Why I am an atheist – Jeff Duval

I’ve been an atheist since before I knew the word “atheist” existed.  It still seems silly to me that we need a word to describe people who aren’t convinced by a claim that has zero evidence behind it.  After all, we don’t waste time talking about a-ghostism or a-sasquatchism as if these were worldviews that had content and needed followers gathering weekly to reinforce.

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Why I am an atheist – otter3377

Its amazing how being “saved” can begin to change your attitude towards religion. My family did not regularly attend church, but as an young teen, my mother brokered a deal with my sister and I that if we attended church on Sundays, our chores would be waived for that period of time. Sounded like a great deal to an adolescent. After a couple of weeks of attendance, I was invited to an event featuring a religious speaker who everyone said I would really enjoy listening to. After receiving permission from my mother, the trip was set and we arrived there on a weeknight evening to listen to the individual.

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Why I am an atheist – Ravel

I never got the man in the sky.  I was brought up in an ultra Reform Jewish home, with holidays celebrated at home in English, and no formal religious training after I was about 8.  I read the stories, but my connection to Judaism was cultural (food, some major holidays, know you’re Jewish in case there’s another Hitler, etc.), rather than religious.  I learned about science and mythology when I was quite young, and couldn’t understand what all the fuss was about.  I was interested in science and math; my earliest books were about science, and my favorite “toy” was a chemistry set.  I thought myths were kind of interesting and amusing stories, but not something to be believed.  Sometime in junior high school (grades 7-9 when I was there), I came across the aphorism “Man created God in his own image.”  That made sense to me.  I never gave it any more thought.


Why I am an atheist – Harry Salzman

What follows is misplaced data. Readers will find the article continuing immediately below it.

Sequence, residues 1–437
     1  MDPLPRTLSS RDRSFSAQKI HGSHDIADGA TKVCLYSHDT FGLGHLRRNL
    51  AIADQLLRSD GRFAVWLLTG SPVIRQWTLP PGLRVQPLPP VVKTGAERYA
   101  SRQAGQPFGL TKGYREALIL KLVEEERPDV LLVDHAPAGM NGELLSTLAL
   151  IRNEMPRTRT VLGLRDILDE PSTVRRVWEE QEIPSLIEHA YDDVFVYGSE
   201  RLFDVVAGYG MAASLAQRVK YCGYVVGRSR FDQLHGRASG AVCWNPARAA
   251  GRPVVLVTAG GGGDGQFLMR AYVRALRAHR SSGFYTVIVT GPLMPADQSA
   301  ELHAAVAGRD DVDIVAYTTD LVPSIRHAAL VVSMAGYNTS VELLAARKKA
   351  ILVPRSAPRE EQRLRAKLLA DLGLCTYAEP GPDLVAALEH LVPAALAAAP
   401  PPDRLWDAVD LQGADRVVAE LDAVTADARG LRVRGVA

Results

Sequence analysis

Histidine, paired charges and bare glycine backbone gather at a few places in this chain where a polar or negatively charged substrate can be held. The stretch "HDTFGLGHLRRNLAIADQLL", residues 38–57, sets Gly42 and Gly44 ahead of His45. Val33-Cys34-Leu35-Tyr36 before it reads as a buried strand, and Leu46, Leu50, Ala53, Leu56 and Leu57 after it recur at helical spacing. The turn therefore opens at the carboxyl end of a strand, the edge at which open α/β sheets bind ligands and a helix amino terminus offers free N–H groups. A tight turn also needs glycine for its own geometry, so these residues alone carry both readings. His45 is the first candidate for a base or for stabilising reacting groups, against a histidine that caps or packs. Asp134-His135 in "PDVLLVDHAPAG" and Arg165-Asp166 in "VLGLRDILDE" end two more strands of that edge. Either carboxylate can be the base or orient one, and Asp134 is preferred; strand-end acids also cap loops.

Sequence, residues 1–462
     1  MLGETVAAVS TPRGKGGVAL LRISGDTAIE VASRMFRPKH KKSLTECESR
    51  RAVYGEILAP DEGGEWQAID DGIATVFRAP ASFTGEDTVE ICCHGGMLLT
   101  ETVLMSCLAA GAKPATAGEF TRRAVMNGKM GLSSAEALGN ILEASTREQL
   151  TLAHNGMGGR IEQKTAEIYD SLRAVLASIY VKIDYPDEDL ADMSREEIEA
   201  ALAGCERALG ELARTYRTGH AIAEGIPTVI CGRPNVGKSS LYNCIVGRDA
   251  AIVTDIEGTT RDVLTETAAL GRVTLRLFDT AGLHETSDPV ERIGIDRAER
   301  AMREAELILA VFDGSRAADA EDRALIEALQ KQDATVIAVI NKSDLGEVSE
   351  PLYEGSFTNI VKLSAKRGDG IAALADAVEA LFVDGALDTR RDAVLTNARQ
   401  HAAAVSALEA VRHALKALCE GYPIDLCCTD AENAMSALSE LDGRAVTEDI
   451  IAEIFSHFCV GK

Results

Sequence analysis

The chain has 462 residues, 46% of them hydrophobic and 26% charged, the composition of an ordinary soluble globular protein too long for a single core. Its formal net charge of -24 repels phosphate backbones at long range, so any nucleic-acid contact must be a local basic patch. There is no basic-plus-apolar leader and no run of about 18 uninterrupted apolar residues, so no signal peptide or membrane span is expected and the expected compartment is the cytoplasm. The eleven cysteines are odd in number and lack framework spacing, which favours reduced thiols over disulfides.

This could be a much longer response, going over my background and
struggles with religion, how good it felt to believe that there was
always someone invisible watching over me, that there was someone who
saw all injustice and ensured that it all came out right in the end,
but frankly, I don’t think there’s anything there that you haven’t
already read or experienced yourself.

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Why I am an atheist – Dustin

I remember during my youth I was pretty “spiritual” and believed in an after life,  a higher power, etc. I didn’t affiliate myself with any particular religion. I would take a cursory interest in the main ones, but always being an independent (some would say stubborn) thinker I reveled in figuring things out for myself. Why my starting position was that of a spiritual nature I’m not wholly sure of. I wasn’t raised in a religious home or had anyone close to me during my impressionable youth that was overly religious. Maybe it was simply the general consensus in the environment I grew up in – anyway.

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Why I am an atheist – Don Fearn

I grew up in Northwestern Minnesota in a nominally Christian household; Mom and Dad took us to church most Sundays, and it was usually the Methodist church, although once in a while we would go to a Catholic mass, a Baptist “come to Jesus” meeting, or a Lutheran church — just for variety, I guess. They didn’t say much about religion and it didn’t seem all that important; it was just what you did. I remember in about sixth grade that one of the neighborhood kids said that he could get away with anything he wanted to do, as long as he asked a priest for forgiveness later. He was from a Catholic family, and Mom and Dad told me that he was mistaken about that. I also went to a movie about being saved where I told the nice young man in a suit that I accepted Jesus into my heart; but I didn’t feel any different in the next few days, so I soon forgot about it.

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Why I am an atheist – Joel

For most of my life – late teens until mid-30’s – I was an Evangelical Christian, and this wasn’t just a social identification for me. I really believed, I really loved Jesus. My freshman year of college I went to a little Bible college in Minnesota, and seriously considered becoming a pastor or missionary (fortunately in the end I decided to pursue engineering). Over the years I attended various churches within the evangelical/Pentecostal part of the Christian spectrum – Assemblies of God, Vineyard Christian Fellowships, occasionally Baptist or independent churches – but always places that took the Bible seriously and believed that Jesus should be the #1 priority in a believer’s life. At various times I led youth groups, attended men’s fellowship groups, went to prayer meetings, and volunteered for various special events. I tithed. I hosted missionaries in my home when they visited our church on fundraising trips. And, I’m now ashamed to say, for a couple years in the late 90’s I helped run a pray-the-gay-away program that was sponsored by my church. My churches were for most of that time the center of my social and personal life.

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